Solving traditional problems in a non-traditional environment.

IBM’s Blockchain Platform aims to implement transparent solutions among a wide array of industries. 

Since IBM has gone deeper into financial solutions, integrating both small and more prominent names in the industry, it is interesting to see the core belief Nitin has on the importance Digital Assets play on future financial models. As his area of expertise, he was able to elaborate on what shapes his department’s decision-making process, as well:

“I see digital assets as the leading step into a whole new, global economy. We currently have FinTech corridors operating between jurisdictions, and I think that is just a taste of what needs to happen eventually across the globe. (…) Of course, for this, crypto-economic systems are key, because they bind together the whole governance system. You can draw an analogy between the blockchain and the creative global system we know as the Internet by saying commercialisation was what made the Internet be here to stay, and that crypto-economics will play the same role in maintaining blockchain-based systems around, as we decouple complexity from solutions. For example, (Non-technical people) don’t know and don’t care about how their email system works, because these are already-established protocols, and they don’t need to pay for it.”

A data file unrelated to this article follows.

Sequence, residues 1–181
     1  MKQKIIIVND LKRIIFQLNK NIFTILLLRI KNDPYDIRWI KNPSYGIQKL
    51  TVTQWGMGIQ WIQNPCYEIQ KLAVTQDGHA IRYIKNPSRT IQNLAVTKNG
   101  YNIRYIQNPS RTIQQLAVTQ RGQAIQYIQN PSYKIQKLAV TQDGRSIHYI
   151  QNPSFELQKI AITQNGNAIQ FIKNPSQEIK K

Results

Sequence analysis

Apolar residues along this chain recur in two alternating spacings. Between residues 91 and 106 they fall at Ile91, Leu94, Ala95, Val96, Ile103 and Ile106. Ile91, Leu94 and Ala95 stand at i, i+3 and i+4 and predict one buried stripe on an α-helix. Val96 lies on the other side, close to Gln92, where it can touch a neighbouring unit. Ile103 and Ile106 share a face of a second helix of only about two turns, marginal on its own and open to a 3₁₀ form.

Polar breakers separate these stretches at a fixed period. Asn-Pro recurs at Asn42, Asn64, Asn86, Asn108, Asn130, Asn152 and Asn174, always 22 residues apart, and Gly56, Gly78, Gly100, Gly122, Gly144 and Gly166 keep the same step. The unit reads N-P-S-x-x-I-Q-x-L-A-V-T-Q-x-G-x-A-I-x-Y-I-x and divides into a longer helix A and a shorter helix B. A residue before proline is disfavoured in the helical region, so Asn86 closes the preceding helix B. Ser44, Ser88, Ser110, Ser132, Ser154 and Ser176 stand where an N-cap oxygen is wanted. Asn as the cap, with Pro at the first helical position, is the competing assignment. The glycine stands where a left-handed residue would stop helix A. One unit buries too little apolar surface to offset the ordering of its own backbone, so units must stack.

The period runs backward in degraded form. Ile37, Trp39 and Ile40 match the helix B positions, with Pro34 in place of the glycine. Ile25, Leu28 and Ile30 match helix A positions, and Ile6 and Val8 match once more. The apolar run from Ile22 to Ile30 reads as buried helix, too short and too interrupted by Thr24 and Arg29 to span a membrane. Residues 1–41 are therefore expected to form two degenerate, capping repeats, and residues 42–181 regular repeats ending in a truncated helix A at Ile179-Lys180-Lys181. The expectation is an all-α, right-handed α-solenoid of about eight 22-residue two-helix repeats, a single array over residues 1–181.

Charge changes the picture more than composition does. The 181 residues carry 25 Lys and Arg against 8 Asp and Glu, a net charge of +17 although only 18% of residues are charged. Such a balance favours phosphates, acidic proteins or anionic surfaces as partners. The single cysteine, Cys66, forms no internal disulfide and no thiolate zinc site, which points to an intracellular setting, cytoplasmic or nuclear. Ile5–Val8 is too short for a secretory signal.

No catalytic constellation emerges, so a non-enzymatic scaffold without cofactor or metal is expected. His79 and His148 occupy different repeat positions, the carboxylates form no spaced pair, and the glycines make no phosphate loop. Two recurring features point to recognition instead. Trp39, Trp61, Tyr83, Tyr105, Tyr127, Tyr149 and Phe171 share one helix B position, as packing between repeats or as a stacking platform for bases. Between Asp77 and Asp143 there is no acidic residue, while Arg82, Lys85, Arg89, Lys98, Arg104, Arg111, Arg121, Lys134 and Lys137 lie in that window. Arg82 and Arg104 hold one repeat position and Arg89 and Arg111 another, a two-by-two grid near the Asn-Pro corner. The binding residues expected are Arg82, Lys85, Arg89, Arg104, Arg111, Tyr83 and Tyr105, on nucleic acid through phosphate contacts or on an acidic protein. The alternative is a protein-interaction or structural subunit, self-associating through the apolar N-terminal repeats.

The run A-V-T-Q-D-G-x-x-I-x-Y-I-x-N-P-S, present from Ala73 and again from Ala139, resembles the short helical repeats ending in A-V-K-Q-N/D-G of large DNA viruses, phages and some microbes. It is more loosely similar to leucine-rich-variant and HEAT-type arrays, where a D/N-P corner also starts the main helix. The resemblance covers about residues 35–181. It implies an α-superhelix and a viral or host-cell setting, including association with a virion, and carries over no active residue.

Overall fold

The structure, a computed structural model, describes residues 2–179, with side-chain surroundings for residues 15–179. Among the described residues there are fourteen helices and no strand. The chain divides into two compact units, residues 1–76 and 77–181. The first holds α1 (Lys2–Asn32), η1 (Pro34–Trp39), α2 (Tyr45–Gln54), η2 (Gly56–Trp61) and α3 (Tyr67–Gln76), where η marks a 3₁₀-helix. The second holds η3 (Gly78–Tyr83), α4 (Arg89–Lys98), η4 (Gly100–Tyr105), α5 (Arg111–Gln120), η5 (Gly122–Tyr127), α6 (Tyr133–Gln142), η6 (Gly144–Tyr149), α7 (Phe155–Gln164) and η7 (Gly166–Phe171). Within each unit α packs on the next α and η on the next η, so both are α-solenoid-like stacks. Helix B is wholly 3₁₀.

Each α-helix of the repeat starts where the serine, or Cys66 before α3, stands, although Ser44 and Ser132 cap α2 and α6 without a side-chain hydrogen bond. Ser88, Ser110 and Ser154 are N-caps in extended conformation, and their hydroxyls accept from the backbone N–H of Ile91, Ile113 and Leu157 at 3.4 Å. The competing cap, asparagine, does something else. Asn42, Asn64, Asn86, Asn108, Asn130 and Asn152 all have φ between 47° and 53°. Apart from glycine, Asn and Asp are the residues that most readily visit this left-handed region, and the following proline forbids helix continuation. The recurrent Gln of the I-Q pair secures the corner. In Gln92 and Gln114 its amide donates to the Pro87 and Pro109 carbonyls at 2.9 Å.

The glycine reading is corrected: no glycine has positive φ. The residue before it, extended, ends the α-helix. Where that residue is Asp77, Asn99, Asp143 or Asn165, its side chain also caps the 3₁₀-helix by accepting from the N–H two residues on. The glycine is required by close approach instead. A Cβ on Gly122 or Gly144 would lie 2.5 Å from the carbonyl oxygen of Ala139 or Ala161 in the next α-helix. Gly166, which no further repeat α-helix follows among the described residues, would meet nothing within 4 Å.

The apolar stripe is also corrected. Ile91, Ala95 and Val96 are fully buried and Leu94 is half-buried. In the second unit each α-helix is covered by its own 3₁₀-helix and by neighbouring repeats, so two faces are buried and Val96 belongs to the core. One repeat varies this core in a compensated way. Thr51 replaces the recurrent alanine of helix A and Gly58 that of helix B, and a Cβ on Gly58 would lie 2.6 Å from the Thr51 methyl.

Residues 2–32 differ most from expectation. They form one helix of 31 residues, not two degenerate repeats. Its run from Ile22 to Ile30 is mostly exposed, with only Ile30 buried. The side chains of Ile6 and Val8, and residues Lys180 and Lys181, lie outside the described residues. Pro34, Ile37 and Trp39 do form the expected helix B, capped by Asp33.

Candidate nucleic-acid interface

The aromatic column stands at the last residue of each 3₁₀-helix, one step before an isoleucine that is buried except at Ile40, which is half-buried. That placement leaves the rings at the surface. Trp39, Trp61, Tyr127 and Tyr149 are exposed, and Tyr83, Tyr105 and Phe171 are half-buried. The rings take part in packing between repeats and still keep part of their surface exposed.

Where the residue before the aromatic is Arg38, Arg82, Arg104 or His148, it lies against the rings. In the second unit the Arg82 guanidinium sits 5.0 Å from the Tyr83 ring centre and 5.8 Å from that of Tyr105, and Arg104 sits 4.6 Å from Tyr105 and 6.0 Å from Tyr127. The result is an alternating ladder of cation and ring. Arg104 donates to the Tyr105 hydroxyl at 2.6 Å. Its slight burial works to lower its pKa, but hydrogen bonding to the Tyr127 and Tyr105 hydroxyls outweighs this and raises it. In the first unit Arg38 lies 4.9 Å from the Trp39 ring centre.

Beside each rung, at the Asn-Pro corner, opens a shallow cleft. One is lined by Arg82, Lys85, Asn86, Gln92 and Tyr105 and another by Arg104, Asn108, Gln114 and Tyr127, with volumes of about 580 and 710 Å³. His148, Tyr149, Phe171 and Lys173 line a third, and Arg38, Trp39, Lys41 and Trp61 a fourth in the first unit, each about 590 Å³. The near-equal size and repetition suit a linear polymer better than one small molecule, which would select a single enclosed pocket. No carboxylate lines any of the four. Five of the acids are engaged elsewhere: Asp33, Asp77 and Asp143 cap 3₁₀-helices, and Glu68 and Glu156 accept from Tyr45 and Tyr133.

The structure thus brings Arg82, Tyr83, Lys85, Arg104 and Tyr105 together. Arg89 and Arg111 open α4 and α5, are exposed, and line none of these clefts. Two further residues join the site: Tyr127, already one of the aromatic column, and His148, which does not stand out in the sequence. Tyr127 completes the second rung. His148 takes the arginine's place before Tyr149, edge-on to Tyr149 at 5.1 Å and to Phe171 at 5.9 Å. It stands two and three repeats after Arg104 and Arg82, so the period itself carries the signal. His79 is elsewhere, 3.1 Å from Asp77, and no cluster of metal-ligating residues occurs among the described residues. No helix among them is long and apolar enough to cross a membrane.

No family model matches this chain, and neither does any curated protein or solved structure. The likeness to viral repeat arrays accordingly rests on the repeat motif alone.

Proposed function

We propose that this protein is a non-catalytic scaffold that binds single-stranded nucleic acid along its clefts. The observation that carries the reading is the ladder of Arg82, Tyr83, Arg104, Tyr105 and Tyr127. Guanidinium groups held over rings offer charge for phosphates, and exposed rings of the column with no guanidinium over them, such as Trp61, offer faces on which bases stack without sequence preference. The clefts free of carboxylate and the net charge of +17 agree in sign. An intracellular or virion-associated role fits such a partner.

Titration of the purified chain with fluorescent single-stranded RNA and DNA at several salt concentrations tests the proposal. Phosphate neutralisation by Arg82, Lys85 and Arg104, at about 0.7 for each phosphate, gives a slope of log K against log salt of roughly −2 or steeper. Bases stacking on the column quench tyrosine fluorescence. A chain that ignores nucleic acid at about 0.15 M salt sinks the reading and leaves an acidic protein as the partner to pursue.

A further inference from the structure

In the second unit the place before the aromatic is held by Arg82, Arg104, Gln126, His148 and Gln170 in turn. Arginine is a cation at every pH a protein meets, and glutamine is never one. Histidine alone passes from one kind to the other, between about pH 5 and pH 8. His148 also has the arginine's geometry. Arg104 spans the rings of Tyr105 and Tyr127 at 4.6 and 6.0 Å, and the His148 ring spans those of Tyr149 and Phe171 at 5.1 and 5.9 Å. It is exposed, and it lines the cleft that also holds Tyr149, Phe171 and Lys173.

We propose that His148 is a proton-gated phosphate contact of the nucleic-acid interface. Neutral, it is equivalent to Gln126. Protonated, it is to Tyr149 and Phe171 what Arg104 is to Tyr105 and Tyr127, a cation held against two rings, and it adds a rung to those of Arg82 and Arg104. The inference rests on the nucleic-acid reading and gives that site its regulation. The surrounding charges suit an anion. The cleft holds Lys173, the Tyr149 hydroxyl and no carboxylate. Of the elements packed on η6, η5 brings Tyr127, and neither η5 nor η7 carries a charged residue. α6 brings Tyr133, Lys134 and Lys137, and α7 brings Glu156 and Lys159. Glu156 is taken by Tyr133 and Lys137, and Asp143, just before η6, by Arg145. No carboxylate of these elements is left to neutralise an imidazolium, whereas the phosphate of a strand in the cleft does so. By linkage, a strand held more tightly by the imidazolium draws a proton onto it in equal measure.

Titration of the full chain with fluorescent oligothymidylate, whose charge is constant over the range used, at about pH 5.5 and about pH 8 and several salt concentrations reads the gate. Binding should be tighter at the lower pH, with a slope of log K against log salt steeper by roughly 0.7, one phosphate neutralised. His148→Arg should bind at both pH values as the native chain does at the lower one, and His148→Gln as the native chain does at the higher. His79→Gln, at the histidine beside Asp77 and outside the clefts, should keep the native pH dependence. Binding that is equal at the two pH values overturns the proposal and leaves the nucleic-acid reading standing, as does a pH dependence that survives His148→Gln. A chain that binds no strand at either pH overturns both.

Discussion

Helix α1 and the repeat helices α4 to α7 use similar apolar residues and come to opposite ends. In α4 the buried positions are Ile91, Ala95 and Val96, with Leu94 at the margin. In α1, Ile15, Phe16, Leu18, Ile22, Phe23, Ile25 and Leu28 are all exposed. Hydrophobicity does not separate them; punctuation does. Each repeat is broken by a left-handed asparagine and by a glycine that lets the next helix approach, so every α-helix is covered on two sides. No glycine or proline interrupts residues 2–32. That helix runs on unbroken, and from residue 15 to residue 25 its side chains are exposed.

Similarly, Nitin shared the three pillars that need to be addressed to safeguard digital assets along with their intrinsic value, and therefore foster their adoption, the BLT:

  • Business: Creating sound business systems that allow for excellent solutions. 
  • Legal: Complying with existing regulations.
  • Technology: Leveraging solid technologies to make for the best possible solution.

And, on a technical level, the 3 Is help his department stay focused on what matters the most when it comes to developing solutions:

  • Infrastructure: Underlying technologies (such as the blockchain) and the ability to keep and safeguard digital assets safely. 
  • Instruments: “Since we live in a highly governed, regulated world, each digital asset is considered an instrument on itself, and should be considered individually instead of generally. Therefore, every asset should have governance and a legal framework around it. 
  • Intelligence: From an intelligence/insight perspective, he considers real-time knowledge and analytics an essential part to incorporate into everything that comes from IBM. 

Furthermore, Nitin dives into the importance of preventing mishandlings and being able to spot fraudulent actors to make Digital Assets safe and widely available: